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A farmer experience - cutting his own hedges


Tony Mullins farming with his wife Noelle on dairy farm in Ballybeg, Mitchelstown in Co Cork, has always had a keen interest in managing own hedges. He met with Catherine Keena and Francis Quigley, Teagasc to discuss his hedge management practices and how he has changed hedge cutting height

(Photo above: Dairy farmer Tony Mullins Ballybeg, Mitchelstown, Co Cork cuts his own hedges)

 

Untopped escaped hedges on the farm are side trimmed every 2-3years. If any overhanging branches become a nuisance, a circular saw is brought in to lop them off. There are topped hedges on the farm which are trimmed annually, especially roadside hedges, which Tony admits would have clipped down a bit lower in the past. They have increased the height to 8-9 feet which provides a good boundary, useful from a security point of view. Tony is very strict not to cut down too low when hedge cutting and is very critical where operators do this, saying ‘You’d see hedges cut basically down to the earth where there is no vegetation growing and there’s nothing ever going to grow there if it isn’t given a chance’.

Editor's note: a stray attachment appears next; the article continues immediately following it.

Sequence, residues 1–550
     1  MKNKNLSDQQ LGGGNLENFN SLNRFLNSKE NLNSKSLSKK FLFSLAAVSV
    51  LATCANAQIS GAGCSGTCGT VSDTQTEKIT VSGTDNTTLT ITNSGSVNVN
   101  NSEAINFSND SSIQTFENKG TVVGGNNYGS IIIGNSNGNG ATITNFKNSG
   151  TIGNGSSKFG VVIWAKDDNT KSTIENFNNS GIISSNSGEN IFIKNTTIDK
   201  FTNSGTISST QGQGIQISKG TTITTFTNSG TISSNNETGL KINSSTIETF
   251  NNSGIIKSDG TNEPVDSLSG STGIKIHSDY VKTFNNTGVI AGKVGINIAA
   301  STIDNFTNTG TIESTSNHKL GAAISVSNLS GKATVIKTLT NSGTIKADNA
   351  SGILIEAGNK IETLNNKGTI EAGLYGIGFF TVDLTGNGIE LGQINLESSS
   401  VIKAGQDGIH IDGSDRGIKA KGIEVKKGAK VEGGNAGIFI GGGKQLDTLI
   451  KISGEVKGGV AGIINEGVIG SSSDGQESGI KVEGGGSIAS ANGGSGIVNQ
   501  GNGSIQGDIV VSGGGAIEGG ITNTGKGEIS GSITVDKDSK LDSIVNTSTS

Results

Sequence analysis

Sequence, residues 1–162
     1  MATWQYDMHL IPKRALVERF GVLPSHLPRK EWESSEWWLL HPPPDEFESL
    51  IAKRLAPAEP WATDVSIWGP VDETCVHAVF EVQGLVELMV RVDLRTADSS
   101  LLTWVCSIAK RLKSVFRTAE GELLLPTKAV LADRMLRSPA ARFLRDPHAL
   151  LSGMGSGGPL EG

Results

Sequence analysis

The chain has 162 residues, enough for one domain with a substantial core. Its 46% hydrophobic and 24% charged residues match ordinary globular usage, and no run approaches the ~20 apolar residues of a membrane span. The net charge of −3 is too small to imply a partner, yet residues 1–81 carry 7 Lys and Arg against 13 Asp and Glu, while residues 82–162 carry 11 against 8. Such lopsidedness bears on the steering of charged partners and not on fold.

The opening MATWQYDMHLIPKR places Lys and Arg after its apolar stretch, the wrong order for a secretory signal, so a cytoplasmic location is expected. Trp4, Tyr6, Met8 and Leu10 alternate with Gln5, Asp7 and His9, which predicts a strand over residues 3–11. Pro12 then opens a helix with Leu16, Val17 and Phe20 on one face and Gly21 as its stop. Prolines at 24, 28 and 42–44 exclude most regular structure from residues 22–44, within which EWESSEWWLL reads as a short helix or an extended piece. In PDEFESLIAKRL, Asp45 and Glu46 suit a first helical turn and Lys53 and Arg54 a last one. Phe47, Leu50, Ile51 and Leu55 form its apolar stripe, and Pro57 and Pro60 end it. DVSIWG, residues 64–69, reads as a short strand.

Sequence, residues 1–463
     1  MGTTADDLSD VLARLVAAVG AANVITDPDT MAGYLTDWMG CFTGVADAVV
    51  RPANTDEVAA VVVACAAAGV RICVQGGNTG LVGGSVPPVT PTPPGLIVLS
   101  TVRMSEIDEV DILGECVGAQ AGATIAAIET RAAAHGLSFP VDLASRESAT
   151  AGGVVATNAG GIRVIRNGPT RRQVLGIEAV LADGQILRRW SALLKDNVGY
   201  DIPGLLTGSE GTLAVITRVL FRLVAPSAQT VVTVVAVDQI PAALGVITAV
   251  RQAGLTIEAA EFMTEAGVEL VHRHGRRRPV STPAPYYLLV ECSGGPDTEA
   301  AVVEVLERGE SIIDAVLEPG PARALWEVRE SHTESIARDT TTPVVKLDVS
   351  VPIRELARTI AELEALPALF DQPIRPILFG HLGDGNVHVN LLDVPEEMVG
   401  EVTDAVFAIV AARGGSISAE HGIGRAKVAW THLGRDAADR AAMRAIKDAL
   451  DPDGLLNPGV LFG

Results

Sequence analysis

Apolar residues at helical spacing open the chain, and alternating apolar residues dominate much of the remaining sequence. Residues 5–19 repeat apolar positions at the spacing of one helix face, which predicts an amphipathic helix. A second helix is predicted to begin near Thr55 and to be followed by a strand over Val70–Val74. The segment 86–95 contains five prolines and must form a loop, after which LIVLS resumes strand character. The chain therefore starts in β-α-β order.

In the past Tony left up large native hardwoods like the oak and ash – wherever they grew in the hedges. Recently he has started letting up whitethorns. It’s one of the terms of the Nitrates Derogation to leave up a thorn every 300m or so. Some farmers think tall hedges affect grass growth, but Tony’s experience is that hedges help grass growth. They break a harsh wind in the spring.

The shelter effect of a tree is multiplied many times out the field. On southerly facing hedges, there is a sheltering effect where they are high. Animals like that for shade particularly in the high summer when they’ll go there to shelter from the sun.

To see all of the activity of Hedgerow Week follow this link  https://www.teagasc.ie/environment/biodiversity--countryside/farmland-habitats/hedgerows/